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Gambia Election Outcome: Experts say it’s a good development for Africa’s democracy

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Incumbent Gambian president Yahya Jammeh (C) leaves the polling booth after casting his marble for presidential election in a polling station, in Banjul on December 01, 2016. The first of some 880,000 eligible voters headed to polling stations despite an internet blackout imposed overnight in a nation long accused by rights groups of suppressing freedom of expression. The Gambia's unique voting system, which sees citizens vote by dropping a marble into a coloured drum for their candidate, could not be rigged, he added, meaning "there is no reason for anybody to protest."/ AFP PHOTO / MARCO LONGARI

Incumbent Gambian president Yahya Jammeh (C) leaves the polling booth after casting his marble for presidential election in a polling station, in Banjul on December 01, 2016.<br />The first of some 880,000 eligible voters headed to polling stations despite an internet blackout imposed overnight in a nation long accused by rights groups of suppressing freedom of expression. The Gambia’s unique voting system, which sees citizens vote by dropping a marble into a coloured drum for their candidate, could not be rigged, he added, meaning “there is no reason for anybody to protest.”/ AFP PHOTO / MARCO LONGARI

Democracy on the African continent recorded another plus during the week, when Gambian President Yahya Jammeh, conceded defeat after losing to Adama Barrow.

Many political analysts did not see Jammeh losing, as the thinking was that he would stay on, especially considering he had made up his mind to hold on to power for life, with his forecast of ruling for a billion years.

Ironically, Jammeh, who also predicted he would win with landslide in this election when he was casting his vote, conceded defeat immediately the results were announced.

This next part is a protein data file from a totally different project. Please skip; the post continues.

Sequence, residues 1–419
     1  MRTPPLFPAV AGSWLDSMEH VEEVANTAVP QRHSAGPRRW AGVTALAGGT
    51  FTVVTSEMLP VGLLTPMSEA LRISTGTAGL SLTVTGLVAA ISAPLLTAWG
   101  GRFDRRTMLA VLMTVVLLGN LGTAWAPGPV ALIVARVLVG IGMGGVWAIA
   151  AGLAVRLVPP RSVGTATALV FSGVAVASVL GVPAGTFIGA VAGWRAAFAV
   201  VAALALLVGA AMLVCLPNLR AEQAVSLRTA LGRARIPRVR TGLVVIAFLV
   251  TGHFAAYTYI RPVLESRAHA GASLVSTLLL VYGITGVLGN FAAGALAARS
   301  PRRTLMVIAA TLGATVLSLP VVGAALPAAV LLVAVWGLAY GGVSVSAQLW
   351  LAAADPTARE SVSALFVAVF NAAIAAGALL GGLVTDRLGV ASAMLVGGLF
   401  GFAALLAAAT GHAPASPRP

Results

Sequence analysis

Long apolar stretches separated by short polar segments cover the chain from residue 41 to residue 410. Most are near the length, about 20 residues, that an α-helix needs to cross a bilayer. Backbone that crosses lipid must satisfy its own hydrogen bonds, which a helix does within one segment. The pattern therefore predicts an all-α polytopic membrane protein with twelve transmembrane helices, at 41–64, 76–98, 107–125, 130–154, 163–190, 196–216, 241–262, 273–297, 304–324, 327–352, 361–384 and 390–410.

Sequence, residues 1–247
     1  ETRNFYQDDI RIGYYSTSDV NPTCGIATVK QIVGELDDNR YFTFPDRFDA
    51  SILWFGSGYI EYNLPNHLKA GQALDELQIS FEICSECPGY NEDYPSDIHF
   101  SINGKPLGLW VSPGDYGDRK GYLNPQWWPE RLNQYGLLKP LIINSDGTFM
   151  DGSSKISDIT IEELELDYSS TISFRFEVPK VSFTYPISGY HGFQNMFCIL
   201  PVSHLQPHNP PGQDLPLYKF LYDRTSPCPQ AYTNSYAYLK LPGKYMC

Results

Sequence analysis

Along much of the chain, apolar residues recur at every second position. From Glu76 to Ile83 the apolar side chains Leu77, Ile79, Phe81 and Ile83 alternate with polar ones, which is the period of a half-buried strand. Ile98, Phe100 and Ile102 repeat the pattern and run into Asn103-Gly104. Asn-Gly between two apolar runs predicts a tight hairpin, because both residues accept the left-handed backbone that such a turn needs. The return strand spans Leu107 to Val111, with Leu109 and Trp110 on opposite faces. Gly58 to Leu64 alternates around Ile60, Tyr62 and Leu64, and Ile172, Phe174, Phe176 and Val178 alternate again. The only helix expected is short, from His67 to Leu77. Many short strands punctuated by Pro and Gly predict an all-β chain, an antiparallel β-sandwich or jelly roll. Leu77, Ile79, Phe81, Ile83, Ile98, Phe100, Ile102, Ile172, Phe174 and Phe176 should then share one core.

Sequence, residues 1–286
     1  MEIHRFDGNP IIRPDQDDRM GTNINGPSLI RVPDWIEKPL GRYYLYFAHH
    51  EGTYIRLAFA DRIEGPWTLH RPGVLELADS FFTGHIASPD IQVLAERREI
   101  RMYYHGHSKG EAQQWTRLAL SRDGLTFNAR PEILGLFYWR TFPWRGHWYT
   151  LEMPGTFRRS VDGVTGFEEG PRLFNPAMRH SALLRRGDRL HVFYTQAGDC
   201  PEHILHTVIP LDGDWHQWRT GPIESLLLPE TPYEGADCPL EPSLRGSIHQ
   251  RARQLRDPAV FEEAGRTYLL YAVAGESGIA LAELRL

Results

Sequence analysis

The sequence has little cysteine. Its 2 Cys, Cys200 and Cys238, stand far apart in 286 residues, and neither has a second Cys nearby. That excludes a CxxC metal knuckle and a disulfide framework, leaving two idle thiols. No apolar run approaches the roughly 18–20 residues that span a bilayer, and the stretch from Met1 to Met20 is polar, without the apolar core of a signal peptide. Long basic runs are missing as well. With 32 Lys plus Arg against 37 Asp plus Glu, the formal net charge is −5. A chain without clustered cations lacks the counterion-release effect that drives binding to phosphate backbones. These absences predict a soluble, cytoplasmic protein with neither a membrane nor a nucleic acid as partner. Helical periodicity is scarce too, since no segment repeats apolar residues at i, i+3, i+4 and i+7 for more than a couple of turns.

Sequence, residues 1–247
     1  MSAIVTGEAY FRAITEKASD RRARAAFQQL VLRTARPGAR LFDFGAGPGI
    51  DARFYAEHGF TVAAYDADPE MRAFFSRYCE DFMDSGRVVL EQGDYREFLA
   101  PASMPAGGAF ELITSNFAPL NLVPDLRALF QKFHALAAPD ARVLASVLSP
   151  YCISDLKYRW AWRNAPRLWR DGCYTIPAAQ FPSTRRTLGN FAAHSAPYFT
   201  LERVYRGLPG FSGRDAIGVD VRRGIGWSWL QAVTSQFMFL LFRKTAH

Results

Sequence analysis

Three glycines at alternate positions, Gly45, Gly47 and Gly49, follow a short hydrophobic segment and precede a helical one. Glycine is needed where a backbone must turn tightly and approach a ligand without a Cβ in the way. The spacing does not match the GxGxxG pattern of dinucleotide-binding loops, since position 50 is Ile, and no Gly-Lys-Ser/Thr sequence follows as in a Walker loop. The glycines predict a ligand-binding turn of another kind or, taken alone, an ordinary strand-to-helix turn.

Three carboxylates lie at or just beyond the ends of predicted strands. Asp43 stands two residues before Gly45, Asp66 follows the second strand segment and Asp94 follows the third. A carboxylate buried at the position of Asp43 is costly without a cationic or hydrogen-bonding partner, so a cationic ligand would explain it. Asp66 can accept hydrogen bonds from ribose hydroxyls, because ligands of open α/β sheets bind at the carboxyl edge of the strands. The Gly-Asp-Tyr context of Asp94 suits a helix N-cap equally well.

Speaking on the implication of Jammeh’s action, a lecturer of African History at the University of Lagos, Dr Iwuagwu Obichere and a political scientist, Dr Oyedele Ashiru, said that it is a good development, which shows things are changing on the continent positively.

Obichere noted that ordinarily, people would have thought it was not possible. “Personally, I did not know it was possible, the way Jammeh had carried on in Gambia for sometime now. Jonathan started it and people are beginning to see that it is the way to go. And we are praying for Ghana elections in a few days, that whatever the outcome, the candidates would also accept.”

Ashiru also said that it is an indication that more democrats are emerging on the continent after long years of unbridled dictatorship and tendency to sit tight in government.

“The fact he conceded defeat to his opponent put many pundits wrong, as they felt he was going to behave the way he used to. So, he must be commended for having such a large heart to accept defeat and bow to the wishes of the Gambia people,” Ashiru stated.

On how to sustain this new culture, Obichere argued that it is not something to legislate or what regional bodies can do.

“After all, do we not have the regional bodies all these years. What we need is best practice, what we need is more examples from African leaders, now that Jammeh has done it, more people will do it.”

On his part, Ashiru, who is also a lecturer in the Department of Political Science at the University of Lagos, said that Africans and their leaders must understand that democracy thrives only when actors within the democratic space respect the wishes of the people.

“Although it may appear premature to say this is a newfound spirit in Africa, because the culture of incumbent yielding to the wishes of the people in an election is an emerging phenomena only in one, two, three cases, so it is still isolated.

“To sustain this, however, the people must be alive to their responsibilities, they must challenge dictatorship anywhere they see one and confront any dictator to step down; once the people feel enough is enough.”



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